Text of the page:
Why We Should Listen to What George Monbiot Has to Say, A Book Review.

I know that I posted a book review a few weeks ago but I am trying to cram in as much extra curricular reading as possible before I get locked into another eight months of academia.  Not to say that I don’t love what I choose to study but there is something to be said for freedom of choice.  I just finished a somewhat current (2009) volume by George Monbiot entitled, “Bring on the Apocalypse, Six Arguments For Global Justice”, which is definitely worth a read.  Monbiot is of the idea that the Right Wing approach to government which is prevalent in the most powerful (Western/Northern/G8) nations has enabled and cultivated social and environmental scenarios that are contributing to the ultimate demise of the planet and creating an expanding social divide between the rich and the poor.  I agree.

Image from bookrabbit.com

The world is not what it seems, you are being lied to but the truth is out there and George would like to help you find it.  Government and media (sometimes synonymous) are experts at altering our perceived social and environmental realities.  We are stripped of collective identity and told that individualist consumer oriented goals (buy that house, car, second car, second house, lest you be left behind and find yourself worthless) are what we should be striving for.  Environmental disasters are downplayed or swept under the rug, an unsustainable auto industry is lionized as a true expression of freedom, social movements are under reported, and your governmental policies ARE being dictated by industrial lobbyist groups.  It’s all quite negatively overwhelming.  Luckily there are activists like Monbiot who are able to present us with some well thought out ideas that help to strip some of the veneer from the right-wing neoliberal agenda.  There are going to be some right-libertarians out there who will state that unbridled free markets are the ultimate expression of personal freedom but guess what;  that path has yielded enough blood and horror to prove it an inhuman pursuit.  Lets ask Chile, Argentina, and virtually every indigenous population on earth how they feel about it.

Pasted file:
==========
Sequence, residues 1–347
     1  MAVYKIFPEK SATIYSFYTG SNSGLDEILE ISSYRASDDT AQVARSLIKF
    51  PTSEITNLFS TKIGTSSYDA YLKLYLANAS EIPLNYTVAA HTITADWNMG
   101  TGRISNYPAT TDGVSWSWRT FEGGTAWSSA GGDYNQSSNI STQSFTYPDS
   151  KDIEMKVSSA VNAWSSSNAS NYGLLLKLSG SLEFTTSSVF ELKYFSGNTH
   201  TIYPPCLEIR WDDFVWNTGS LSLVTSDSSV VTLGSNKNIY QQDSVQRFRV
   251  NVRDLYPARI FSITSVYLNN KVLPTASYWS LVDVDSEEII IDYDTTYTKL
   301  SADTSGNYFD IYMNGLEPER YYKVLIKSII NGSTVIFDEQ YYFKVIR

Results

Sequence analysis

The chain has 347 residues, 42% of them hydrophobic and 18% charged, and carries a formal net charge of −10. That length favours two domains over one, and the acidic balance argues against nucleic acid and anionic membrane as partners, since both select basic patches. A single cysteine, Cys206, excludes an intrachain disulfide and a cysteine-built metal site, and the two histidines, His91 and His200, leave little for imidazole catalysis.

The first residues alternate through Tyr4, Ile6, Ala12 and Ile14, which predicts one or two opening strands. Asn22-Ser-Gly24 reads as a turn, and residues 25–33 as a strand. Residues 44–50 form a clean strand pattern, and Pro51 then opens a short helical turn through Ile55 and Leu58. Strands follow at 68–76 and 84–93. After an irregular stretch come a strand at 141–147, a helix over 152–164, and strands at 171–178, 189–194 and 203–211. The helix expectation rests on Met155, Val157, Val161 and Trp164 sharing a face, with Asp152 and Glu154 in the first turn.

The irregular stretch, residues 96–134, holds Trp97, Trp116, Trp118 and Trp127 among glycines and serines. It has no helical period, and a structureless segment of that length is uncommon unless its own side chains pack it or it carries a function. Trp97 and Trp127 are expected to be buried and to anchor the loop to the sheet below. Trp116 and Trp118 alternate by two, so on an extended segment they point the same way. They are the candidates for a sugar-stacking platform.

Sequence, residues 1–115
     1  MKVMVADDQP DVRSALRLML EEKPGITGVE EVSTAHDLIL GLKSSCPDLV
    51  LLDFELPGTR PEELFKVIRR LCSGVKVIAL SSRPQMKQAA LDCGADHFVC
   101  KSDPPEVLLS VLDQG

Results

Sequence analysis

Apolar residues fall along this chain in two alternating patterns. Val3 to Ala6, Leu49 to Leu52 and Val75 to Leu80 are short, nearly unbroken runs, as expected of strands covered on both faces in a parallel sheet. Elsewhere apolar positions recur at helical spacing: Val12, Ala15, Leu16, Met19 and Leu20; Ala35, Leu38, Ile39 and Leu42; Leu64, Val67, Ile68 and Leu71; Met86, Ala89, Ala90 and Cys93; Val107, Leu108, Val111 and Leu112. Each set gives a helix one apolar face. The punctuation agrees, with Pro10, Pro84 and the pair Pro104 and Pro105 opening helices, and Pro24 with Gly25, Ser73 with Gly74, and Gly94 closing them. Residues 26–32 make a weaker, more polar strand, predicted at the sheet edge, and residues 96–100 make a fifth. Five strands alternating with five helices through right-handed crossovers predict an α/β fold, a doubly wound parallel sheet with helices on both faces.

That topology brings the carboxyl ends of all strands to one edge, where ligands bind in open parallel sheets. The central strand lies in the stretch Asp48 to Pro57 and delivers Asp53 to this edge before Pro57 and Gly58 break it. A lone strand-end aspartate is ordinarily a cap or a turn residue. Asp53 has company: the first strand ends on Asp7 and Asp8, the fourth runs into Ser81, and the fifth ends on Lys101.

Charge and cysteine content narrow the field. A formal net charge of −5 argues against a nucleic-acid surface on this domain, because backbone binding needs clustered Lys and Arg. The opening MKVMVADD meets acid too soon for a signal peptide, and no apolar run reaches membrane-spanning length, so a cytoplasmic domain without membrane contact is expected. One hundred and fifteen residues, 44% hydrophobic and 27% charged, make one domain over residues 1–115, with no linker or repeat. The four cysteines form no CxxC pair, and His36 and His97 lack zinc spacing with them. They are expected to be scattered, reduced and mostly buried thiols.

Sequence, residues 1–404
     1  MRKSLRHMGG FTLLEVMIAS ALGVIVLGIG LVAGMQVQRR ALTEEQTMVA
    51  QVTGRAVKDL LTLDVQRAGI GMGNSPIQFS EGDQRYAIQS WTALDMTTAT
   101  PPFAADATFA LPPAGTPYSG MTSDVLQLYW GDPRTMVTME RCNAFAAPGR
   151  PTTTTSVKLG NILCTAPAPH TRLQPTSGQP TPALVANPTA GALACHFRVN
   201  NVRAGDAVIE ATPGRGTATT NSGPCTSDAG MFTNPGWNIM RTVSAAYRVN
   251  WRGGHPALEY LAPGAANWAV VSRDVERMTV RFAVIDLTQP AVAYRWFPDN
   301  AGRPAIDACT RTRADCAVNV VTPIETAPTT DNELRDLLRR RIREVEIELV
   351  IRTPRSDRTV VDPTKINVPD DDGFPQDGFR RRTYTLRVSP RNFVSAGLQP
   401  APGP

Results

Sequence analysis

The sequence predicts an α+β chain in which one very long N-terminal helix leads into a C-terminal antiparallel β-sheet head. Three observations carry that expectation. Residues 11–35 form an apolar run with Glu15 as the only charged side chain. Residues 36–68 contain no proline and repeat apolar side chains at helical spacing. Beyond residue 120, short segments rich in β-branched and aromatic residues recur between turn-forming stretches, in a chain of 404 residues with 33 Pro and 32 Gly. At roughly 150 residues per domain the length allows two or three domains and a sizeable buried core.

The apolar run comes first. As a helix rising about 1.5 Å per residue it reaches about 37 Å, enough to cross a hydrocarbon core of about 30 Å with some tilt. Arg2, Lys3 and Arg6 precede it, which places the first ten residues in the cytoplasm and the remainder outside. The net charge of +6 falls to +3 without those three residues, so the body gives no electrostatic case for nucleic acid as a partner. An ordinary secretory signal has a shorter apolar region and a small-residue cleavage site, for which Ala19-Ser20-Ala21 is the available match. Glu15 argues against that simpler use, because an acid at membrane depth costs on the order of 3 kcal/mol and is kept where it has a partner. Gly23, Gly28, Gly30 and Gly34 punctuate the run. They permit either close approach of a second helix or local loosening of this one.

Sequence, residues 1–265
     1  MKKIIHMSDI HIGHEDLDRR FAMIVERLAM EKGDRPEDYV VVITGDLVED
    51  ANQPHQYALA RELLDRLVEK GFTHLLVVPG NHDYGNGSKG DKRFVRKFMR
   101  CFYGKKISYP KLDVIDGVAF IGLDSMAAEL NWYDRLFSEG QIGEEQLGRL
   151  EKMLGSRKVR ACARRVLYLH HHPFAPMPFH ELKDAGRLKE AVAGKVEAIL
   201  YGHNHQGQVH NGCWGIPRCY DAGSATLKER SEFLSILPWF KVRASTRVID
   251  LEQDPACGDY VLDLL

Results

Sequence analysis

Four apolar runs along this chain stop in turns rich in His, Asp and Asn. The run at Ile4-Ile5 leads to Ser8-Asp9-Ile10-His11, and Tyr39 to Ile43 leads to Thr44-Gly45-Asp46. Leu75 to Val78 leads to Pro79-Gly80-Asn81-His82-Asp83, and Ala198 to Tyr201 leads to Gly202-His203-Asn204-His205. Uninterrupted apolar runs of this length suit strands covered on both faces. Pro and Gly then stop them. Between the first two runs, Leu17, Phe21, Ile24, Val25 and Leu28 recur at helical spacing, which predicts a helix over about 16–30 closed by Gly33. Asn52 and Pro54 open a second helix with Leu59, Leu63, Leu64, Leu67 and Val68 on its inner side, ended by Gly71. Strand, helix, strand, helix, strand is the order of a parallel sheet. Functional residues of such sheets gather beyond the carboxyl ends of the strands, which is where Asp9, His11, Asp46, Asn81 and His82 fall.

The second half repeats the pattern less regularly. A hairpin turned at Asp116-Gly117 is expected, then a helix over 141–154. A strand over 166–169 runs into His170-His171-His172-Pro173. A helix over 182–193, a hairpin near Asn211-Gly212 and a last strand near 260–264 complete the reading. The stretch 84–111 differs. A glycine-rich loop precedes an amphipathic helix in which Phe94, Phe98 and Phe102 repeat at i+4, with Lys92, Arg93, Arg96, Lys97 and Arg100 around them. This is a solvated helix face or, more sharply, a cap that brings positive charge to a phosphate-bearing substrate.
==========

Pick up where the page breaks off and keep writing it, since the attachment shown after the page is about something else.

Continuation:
Image from redmolotov.com

The “arguments” in this book are collections of essays which fall under the categories of God, Nature, War, Power, Money, and Culture.  While not hitting the nail on the head with every single essay, Monbiot does a fantastic job of exposing some of the cracks in the informational facade that we are presented with by the government and media via popular news venues and “democratic” process .  Like all books dealing with current issues this one too shall eventually fall by the wayside but will not find itself in the tar pits of literary history.  The sentiments expressed within are valid critiques of problems that have thwarted humanity in one form or another since the arrival of surplus commodities which have freed parts of the population from the labour pool thus enabling religious/cultural pursuits and unbalanced power dynamics.  These easily accessible essays provide a decent foundation from which one can step stone to more in-depth critiques of sociopolitical factors that do affect most aspects of our lives and for that reason alone this book is quite valuable.

Not trying to be punny here but anyone willing to take on issues like the Vatican’s bigoted obsession with homosexuality, Americas love affair with oil and torture, the British governments submissive relationship with big business, shoddy climate change science, and media manipulation is OK in my book.  This is a guy who knows a lot about a lot of things that matter and has not been bought, hence a guy worth listening to, but as with all things, you decide.

I would love to hear what you think.

Cheers.

AnimalStatic

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